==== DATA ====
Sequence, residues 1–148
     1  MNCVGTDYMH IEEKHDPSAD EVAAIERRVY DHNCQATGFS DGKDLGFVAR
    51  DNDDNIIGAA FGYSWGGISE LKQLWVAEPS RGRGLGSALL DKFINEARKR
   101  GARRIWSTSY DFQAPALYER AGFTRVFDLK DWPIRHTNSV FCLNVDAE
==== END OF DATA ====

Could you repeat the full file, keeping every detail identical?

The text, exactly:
Sequence, residues 1–148
     1  MNCVGTDYMH IEEKHDPSAD EVAAIERRVY DHNCQATGFS DGKDLGFVAR
    51  DNDDNIIGAA FGYSWGGISE LKQLWVAEPS RGRGLGSALL DKFINEARKR
   101  GARRIWSTSY DFQAPALYER AGFTRVFDLK DWPIRHTNSV FCLNVDAE